Culture of Health and Media Portrayal in Our Nation

CHAMP (Coding of Health and Media Project) has conducted a series of studies examining long-term trends in movie content that affects adolescents, focusing on violence, sex and suicide, and the use of tobacco, alcohol and illegal drugs. These studies, using a database of films from 1950 to 2012, document change in the acceptance of violence in top-grossing movies and how this has been reflected in the ratings system used by the industry to warn parents about sexual and violent content. The project has included funding from the Robert Wood Johnson Foundation to create the website YouthMediaRisk.org, which disseminates information on content analyses to scholars and the public. In the most recent study (Bushman et al., 2013) top-grossing films with violent content were analyzed for the presence of gun violence.  This study focused on the period from 1985-2012 when the PG-13 category was in place.  It found that the rate of gun violence in PG-13 films has tripled, and increased to the point where in 2012 it exceeded the amount in R-rated films. Other studies have shown:

  • Although both violence and sex have increased since the rating system was put in place in 1968, violence has been increasingly assigned to the PG-13 category since its introduction in 1985, while sex has been more consistently assigned to the R category (Nalkur et al., 2010).
  • Suicide depictions in top-grossing films have increased steadily since 1950 along with the rise in actual adolescent suicide rates  (Jamieson & Romer, 2011).
  • Male characters have consistently outnumbered female characters 2-1 in top-grossing films since 1950.  Male characters are more likely to engage in violence while female characters are more likely to be involved in sex – but both are increasingly being portrayed as violent (Bleakley et al. 2012).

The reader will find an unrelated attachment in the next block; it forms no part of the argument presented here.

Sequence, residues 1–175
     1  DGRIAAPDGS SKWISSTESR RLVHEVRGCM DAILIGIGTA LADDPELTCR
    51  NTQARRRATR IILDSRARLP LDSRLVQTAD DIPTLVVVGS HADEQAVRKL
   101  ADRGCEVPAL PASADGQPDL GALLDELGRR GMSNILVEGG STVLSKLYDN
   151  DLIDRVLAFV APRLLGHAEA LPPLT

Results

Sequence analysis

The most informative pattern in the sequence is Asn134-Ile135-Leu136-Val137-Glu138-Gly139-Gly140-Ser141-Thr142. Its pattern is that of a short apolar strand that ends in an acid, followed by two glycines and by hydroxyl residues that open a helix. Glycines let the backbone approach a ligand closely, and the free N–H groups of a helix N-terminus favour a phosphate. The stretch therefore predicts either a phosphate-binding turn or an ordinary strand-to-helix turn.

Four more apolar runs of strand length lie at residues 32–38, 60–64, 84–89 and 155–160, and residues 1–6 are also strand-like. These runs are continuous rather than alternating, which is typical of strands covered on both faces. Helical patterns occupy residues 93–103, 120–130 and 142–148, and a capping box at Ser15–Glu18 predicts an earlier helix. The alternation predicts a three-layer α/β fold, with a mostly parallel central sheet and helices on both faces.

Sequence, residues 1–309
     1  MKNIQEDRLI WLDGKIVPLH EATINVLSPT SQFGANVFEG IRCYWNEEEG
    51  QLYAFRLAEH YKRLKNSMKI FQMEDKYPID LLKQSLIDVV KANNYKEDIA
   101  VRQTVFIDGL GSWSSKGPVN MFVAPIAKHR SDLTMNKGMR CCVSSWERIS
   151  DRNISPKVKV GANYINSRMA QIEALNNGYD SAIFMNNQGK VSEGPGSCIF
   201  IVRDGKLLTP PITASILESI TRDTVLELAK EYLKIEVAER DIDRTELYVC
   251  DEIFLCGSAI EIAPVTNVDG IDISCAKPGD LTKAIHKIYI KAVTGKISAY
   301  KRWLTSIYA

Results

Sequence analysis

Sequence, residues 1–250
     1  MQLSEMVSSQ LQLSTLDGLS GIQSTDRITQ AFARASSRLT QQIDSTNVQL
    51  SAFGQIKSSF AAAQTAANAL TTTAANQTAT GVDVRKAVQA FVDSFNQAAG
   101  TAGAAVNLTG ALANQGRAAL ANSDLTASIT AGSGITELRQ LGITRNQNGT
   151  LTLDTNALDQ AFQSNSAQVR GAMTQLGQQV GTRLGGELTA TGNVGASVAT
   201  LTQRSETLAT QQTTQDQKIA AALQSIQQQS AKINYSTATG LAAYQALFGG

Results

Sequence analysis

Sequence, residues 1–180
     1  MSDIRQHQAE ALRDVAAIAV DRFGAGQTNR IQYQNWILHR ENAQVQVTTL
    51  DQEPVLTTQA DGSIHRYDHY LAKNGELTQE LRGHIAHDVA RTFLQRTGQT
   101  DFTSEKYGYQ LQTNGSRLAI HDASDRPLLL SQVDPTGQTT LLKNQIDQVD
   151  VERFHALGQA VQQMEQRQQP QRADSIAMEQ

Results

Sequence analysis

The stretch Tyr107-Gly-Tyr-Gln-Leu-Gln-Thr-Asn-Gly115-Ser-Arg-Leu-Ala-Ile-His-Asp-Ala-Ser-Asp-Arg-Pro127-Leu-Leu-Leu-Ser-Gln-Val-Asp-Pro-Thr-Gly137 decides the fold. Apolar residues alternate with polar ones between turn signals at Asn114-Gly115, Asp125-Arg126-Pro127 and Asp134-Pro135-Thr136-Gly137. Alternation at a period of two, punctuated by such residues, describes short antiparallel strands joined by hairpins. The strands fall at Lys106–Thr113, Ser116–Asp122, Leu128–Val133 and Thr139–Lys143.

• Portrayals of tobacco use in film have steadily declined since 1950, mirroring the trend in rates of cigarette consumption in the US adult population.

Violence in Popular U.S. Prime Time TV Dramas and the Cultivation of Fear: A Time Series Analysis

Gerbner and Gross’s cultivation theory predicts that prolonged exposure to TV violence creates fear of crime, symptomatic of a mean world syndrome. We tested the theory’s prediction in a time series model with annual changes in violence portrayal on popular US TV shows from 1972 to 2010 as a predictor of changes in public perceptions of local crime rates and fear of crime.
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Movie violence associated with sex, alcohol and tobacco use

Nearly 90 percent of the top-grossing movies over a 25-year period show main characters acting violently, and in 77 percent of the movies those characters also engage in sex-, alcohol- or tobacco-related behavior, a new study has shown. The study published in Pediatrics, by researchers at the Annenberg Public Policy Center, found that more than half of the biggest PG-13 movies featured a main character acting violently and involved in either drinking, sexual behavior or smoking within a five-minute segment.
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More gun violence in top PG-13 movies than in biggest R-rated films

The amount of gun violence in the top-grossing PG-13 movies has more than tripled since 1985, and in 2012 it exceeded the gun violence in the biggest R-rated movies, according to researchers at the Annenberg Public Policy Center and the Ohio State University. The overall rate of violence in the biggest box-office movies has more than doubled since 1950, the researchers report in “Gun Violence Trends in Movies,” published in Pediatrics.
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APPC releases research on gender portrayals in film 1950-2006

Since 1950 males outnumber female movie characters 2 to 1   But when present, females twice as likely to be involved in sexual scenes;   Both males and females increasingly involved in violence   PHILADELPHIA – Annenberg Public Policy Center (APPC) research that analyzed 855 top 30 box-office films from 1950 to 2006 shows that
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